NOTCH is altered in 2.1% of soft tissue sarcoma patients . The Notch signaling pathway consists of four trans-membrane receptors, Notch1 to Notch4, that are encoded by homologous genes . NOTCH signaling has been described in synovial sarcoma, Ewing sarcoma and rhabdomyosarcoma . The relationship of NOTCH signaling in fibrosarcoma has not been described to date. NF1 is altered in 5.66% of soft tissue sarcoma patients . NF1 mutations are identified in malignant peripheral nerve sheath tumor, myxofibrosarcoma, rhabdomyosarcoma, undifferentiated pleomorphic sarcoma and pleomorphic liposarcoma . RB1 is altered in 7.14% of fibrosarcoma patients . RB1 gene encodes the cell cycle regulatory retinoblastoma gene protein (pRb), controls cellular differentiation during both embryogenesis and in adult tissues, regulates apoptotic cell death, maintains cell cycle arrest, and preserves chromosome stability. RB1 gene alterations are most commonly seen in leiomyosarcoma. It has been reported to a lesser extent in fibrosarcoma, rhabdomyosarcomas and pleomorphic sarcomas .
Telomerase reverse transcriptase (TERT) promoter gene mutation is identified in very few sarcoma cases including pleomorphic liposarcoma, dedifferentiated liposarcoma, myxoid liposarcomas, solitary fibrous tumor, undifferentiated pleomorphic sarcoma (UPS) and malignant granular cell tumor [19,32,33]. SMAD4 (DPC4) is a tumor suppressor gene located at chromosome 18q21.1 that belongs to the SMAD family, which mediates the TGF beta signaling pathway suppressing epithelial cell growth. Mutation of this gene is seen only rarely in soft tissue sarcomas . Both TERT and SMAD4 mutations have not been described in fibrosarcoma.
FANCA (Fanconi anemia, complementation group A) is a DNA repair gene, when mutated causes hypersensitivity to DNA damage with a greatly increased risk of multiple cancers . FANCA mutation is the most frequent mutation in patients with Fanconi anemia but is less reported in patients with solid tumors . FANCA is altered in 1.17% of soft tissue sarcoma patients . FANCD2 (Fanconi anemia, complementation group D2), similar to FANCA, is also involved in Fanconi anemia, a heterogeneous recessive disorder that causes cytogenetic instability, hypersensitivity to DNA crosslinking agents, increase in chromosomal breakage, and defective DNA repair. FANCD2 is altered in 3.59% of soft tissue sarcoma patients . Both FANCA and FANCD gene mutations have not yet been reported in fibrosarcoma.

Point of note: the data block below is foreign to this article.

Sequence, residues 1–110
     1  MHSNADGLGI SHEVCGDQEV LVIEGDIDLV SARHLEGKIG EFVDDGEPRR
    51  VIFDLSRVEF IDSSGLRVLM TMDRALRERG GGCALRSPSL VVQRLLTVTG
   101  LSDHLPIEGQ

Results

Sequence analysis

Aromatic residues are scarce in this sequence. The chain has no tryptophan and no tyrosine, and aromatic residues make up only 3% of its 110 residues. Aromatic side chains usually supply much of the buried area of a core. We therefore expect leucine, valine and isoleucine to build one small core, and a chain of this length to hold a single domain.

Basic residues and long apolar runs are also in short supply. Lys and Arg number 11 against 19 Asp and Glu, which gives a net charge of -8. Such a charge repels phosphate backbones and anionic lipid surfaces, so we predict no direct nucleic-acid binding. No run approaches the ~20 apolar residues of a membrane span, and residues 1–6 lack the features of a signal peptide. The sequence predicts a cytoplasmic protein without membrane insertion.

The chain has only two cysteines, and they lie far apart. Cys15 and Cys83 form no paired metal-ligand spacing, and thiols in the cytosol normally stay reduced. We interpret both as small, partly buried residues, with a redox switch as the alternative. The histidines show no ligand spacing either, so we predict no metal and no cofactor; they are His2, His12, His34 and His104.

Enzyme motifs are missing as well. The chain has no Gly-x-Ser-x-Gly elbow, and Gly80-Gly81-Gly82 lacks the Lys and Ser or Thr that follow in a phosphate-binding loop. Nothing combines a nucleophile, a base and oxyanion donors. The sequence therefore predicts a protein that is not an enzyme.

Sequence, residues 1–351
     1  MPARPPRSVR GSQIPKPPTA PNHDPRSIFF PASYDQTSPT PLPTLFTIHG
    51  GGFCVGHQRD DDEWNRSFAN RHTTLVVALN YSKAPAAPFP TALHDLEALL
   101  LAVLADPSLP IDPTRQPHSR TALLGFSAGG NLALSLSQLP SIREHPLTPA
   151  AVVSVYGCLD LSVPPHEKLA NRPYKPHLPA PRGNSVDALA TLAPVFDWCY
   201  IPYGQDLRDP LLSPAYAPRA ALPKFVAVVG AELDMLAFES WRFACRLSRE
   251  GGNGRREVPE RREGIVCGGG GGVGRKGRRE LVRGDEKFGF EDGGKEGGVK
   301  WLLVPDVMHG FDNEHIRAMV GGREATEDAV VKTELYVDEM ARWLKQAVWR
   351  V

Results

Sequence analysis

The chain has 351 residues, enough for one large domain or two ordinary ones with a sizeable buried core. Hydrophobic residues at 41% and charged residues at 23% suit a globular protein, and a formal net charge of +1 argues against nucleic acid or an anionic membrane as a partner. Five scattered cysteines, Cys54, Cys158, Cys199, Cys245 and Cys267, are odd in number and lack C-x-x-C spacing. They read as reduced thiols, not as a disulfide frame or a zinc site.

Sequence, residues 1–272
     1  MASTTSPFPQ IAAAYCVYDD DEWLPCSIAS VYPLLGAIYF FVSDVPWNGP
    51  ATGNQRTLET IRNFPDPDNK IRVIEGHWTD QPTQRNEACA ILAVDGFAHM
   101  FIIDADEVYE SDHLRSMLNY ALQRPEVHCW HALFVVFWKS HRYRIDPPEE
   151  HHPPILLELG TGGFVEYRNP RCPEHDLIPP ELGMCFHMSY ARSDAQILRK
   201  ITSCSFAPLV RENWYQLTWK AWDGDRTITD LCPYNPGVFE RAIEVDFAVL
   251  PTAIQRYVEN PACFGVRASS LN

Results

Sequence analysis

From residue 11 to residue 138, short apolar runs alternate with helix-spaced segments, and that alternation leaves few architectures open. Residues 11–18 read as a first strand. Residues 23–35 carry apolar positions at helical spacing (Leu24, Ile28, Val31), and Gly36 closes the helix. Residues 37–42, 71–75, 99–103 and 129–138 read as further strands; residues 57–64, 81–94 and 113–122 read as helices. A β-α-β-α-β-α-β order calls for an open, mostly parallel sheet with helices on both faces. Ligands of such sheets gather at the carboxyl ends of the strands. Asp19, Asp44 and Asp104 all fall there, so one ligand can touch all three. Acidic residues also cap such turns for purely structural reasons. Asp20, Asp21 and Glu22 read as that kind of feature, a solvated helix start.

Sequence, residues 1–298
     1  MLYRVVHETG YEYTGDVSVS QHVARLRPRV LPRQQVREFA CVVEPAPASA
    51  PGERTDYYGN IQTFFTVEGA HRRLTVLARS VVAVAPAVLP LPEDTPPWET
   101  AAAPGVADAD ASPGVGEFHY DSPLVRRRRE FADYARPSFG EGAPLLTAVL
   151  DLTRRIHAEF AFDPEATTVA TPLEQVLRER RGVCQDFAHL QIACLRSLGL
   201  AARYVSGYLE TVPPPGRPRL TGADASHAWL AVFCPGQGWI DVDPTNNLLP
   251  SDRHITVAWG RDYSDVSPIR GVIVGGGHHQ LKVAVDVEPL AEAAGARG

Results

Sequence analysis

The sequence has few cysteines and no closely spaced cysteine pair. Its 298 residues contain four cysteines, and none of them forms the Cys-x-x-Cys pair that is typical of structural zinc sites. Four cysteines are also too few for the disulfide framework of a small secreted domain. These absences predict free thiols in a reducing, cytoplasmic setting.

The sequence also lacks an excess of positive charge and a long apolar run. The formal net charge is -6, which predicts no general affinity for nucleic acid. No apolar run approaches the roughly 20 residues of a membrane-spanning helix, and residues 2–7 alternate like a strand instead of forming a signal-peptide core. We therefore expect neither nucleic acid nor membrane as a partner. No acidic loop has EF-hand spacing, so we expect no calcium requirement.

PTCH1 is a tumor suppressor gene that is altered in 1.82% of sarcoma patients . PTCH1 alterations have been reported in intimal sarcoma, rhabdomyosarcoma, malignant peripheral nerve sheath tumor, angiosarcoma, extra skeletal osteosarcoma and extra skeletal myxoid chondrosarcoma . Given that the PTCH1 alteration in one of our fibrosarcoma case cohort was reported as a variant of uncertain significance, the relation between PTCH1 aberrations and fibrosarcoma in general has yet to be investigated.
In conclusion, we attempted to characterize the molecular landscape of fibrosarcoma at our institution, and demonstrated that, similar to most sarcomas, the most common genetic aberrations in fibrosarcoma are CDKN2A/CDKN2B and TP53 alterations. Additional novel alterations detected in our study with potential tumorigenesis role included BAP1 and NF1 copy number loss, TERT mutation, and SMAD4 mutation. Overall, our study helps in further characterizing the mutational changes in fibrosarcoma with potential implications on therapy and prognosis. Additional large-scale studies are needed to further expand on the molecular biology of fibrosarcoma.
Declaration of Conflicting Interests
The author declared no potential conflicts of interest with respect to the research, authorship, and/or publication of this article.
The author received no financial support for the research, authorship and/or publication of this article.
This study was deemed to be exempt.
Informed consent was not sought as the study spanned archived tissue from the past 20 years where the patients could not be reached.
This study did not contain any clinical trials.